Any caution or nerves I had amassed leading up to the moment of introduction evaporated quickly. As you’ll see in the video, Renee Parsons is a fun, real, tough and measured businesswoman whose ambition rivals Bob’s. After spending time with her, I not only found enhanced respect for what she is endeavoring but also what she has accomplished already.

The PXG brand overall is a culture. It’s big, disruptive, cocky and oh so much fun. It’s not engineered for everyone to like it FYI. It’s very high end, edgy apparel that refuses to stray away from the simple essence that is PXG. The best materials JAM-PACKED into a clean, sleek package.

Like the clubs, the apparel is expensive. $200 sweaters, $300 backpacks, etc. But, like the clubs, you get what you pay for. For a nonfashion eye, I can even attest that the PXG things in my possession hold up as well as anything I have, and even more they are special to me. That’s the thing. It’s special. This is the essence of what Bob, Renee and Team have done.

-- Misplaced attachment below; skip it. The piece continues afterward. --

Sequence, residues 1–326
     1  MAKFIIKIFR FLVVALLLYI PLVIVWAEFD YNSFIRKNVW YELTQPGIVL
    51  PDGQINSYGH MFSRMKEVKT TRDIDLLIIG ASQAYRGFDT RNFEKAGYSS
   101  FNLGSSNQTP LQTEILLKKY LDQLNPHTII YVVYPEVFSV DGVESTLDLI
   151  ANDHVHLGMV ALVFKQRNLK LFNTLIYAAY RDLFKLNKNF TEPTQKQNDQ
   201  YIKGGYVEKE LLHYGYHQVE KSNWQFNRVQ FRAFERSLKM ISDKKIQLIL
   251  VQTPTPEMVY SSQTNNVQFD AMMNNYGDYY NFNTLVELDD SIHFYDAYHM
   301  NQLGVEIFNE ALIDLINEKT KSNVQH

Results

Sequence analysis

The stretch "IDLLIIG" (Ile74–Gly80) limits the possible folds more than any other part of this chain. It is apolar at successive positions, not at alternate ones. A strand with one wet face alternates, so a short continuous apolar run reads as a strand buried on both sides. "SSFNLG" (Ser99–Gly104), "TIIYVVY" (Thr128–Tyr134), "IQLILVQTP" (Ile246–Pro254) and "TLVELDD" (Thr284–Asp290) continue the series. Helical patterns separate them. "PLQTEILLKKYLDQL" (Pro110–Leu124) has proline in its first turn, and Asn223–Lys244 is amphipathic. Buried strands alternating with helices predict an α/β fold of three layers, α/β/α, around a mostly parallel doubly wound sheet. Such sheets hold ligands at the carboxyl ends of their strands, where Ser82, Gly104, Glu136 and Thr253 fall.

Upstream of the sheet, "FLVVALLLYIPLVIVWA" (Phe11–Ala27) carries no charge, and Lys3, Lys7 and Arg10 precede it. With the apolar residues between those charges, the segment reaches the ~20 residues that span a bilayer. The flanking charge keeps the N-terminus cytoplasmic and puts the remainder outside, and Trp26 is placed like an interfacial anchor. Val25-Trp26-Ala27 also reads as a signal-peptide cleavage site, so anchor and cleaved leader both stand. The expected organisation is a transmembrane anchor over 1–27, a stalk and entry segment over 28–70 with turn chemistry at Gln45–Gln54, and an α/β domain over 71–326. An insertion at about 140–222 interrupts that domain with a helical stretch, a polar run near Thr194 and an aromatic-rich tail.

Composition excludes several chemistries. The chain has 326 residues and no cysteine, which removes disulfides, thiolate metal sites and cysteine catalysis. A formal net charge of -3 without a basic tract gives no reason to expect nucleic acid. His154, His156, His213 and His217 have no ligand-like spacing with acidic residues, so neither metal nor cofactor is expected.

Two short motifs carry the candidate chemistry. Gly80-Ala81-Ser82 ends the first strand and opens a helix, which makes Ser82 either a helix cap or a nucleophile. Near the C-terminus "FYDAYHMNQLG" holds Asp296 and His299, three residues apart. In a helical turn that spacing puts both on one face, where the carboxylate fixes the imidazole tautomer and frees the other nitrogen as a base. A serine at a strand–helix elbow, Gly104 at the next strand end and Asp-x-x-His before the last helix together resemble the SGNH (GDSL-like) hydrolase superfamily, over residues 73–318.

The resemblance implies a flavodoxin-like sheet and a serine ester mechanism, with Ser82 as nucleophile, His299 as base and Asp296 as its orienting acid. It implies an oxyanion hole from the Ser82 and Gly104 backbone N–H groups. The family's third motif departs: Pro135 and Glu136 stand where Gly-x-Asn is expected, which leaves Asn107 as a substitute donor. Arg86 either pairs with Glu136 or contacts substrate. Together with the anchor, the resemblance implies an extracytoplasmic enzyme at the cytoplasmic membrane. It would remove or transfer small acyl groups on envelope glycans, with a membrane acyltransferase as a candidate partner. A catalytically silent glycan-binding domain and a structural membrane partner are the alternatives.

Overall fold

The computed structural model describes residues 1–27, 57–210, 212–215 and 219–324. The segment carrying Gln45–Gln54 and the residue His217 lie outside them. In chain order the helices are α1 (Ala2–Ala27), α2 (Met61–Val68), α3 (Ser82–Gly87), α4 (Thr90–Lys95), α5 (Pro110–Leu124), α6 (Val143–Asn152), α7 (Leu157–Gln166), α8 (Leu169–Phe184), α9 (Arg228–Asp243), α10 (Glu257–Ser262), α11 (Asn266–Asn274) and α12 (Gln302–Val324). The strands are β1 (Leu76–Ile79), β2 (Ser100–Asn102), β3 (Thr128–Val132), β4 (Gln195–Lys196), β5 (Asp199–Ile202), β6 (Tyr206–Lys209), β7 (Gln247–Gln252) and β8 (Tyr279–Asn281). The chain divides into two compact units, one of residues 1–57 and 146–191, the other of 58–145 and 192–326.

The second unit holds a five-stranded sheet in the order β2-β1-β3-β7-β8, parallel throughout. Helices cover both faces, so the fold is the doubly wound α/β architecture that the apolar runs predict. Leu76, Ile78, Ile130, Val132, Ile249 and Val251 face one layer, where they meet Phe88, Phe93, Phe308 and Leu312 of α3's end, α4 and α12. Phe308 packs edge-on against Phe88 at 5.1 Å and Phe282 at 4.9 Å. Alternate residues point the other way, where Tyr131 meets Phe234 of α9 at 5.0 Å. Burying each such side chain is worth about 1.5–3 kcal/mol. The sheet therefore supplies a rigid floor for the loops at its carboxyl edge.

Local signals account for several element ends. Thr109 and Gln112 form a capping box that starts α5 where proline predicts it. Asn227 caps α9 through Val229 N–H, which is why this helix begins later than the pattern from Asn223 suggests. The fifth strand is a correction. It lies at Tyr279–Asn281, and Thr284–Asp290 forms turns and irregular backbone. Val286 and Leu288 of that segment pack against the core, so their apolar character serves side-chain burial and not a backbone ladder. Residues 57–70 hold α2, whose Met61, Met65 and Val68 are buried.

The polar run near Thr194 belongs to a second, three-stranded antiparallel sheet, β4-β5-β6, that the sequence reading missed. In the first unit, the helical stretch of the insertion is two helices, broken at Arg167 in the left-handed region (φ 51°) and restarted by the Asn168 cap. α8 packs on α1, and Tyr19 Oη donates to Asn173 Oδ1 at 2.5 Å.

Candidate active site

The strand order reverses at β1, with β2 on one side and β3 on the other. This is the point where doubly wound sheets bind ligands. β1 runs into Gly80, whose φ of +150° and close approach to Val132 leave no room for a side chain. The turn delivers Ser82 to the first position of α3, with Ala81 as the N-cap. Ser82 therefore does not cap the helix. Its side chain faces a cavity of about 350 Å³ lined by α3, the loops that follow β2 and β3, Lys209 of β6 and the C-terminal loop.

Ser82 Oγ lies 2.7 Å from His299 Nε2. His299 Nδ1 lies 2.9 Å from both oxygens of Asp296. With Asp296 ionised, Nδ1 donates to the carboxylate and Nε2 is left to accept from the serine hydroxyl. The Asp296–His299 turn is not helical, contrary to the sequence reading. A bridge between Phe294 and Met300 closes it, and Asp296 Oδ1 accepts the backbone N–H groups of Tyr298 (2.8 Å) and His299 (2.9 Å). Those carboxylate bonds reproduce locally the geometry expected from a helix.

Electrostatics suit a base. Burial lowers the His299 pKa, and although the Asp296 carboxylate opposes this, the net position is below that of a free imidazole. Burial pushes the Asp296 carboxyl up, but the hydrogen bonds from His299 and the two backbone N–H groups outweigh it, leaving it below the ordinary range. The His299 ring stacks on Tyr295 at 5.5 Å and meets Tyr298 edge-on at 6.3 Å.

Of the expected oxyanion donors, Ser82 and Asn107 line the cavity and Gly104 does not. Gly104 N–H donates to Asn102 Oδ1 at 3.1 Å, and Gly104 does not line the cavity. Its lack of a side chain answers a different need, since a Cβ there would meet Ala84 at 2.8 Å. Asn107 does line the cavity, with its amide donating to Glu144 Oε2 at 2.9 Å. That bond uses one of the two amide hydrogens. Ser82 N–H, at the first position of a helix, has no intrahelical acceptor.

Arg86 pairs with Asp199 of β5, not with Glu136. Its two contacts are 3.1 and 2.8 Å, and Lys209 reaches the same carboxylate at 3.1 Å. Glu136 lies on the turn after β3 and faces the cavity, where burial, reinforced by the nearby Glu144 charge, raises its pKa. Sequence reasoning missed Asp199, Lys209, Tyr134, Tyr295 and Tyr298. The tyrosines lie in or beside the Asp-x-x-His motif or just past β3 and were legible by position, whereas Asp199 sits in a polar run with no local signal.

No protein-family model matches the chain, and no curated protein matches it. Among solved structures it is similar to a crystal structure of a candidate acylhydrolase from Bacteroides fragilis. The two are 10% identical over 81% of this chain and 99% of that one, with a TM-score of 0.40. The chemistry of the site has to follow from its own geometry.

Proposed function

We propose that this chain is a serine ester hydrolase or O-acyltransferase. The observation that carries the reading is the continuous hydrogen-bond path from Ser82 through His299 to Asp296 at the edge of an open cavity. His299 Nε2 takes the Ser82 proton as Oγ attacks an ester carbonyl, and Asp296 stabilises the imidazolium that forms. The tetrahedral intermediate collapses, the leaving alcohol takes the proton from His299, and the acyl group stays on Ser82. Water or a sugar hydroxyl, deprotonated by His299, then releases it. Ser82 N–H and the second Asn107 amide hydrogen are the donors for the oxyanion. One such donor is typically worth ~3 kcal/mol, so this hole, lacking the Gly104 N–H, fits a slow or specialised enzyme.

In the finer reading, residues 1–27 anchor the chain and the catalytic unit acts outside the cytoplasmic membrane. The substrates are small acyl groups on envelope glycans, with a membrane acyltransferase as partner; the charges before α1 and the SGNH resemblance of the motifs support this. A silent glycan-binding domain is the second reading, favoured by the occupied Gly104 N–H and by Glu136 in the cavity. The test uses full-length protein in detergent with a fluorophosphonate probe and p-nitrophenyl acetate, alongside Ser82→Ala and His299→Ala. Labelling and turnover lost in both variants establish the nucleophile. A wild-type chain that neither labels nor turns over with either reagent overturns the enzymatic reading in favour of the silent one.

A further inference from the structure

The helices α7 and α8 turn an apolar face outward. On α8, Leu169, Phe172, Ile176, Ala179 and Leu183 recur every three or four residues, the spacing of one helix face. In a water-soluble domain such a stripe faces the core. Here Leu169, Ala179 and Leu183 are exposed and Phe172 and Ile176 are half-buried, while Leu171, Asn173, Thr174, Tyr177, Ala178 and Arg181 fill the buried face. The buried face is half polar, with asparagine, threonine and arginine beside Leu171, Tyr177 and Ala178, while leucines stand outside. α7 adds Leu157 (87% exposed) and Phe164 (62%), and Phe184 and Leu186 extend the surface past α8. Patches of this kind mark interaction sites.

Like, for instance, Mercedes Benz, PXG has created a brand that part of you might resent because of the cost, but the other part is not only curious but is attracted to what you see. It makes you curious and that is the secret sauce of what Renee is pushing for PXG Apparel. You may see it and have preconceived notions, but damn if you aren’t curious to know more. Then, you get any PXG product in your hands, or walk into the doors of Scottsdale National or PXG HQ….and you know what? You never want to leave.

That’s the biggest takeaway from my time with Renee: I’m excited and curious to see where this goes. If it’s anything like my own personal experience with the things I have been involved in with PXG (like the Scottsdale National Experience that RP had a huge hand in cultivating) it will be big, fun, cocky and leave me wanting more. So, to answer the question, Renee Parsons is…ambitious, and she is going to make the PXG brand bigger than Bob ever dreamed.

Enjoy the video!

 

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Bogey Golf: How to plan a golf trip

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Want more GolfWRX Radio? Check out our other shows (and the full archives for this show) below.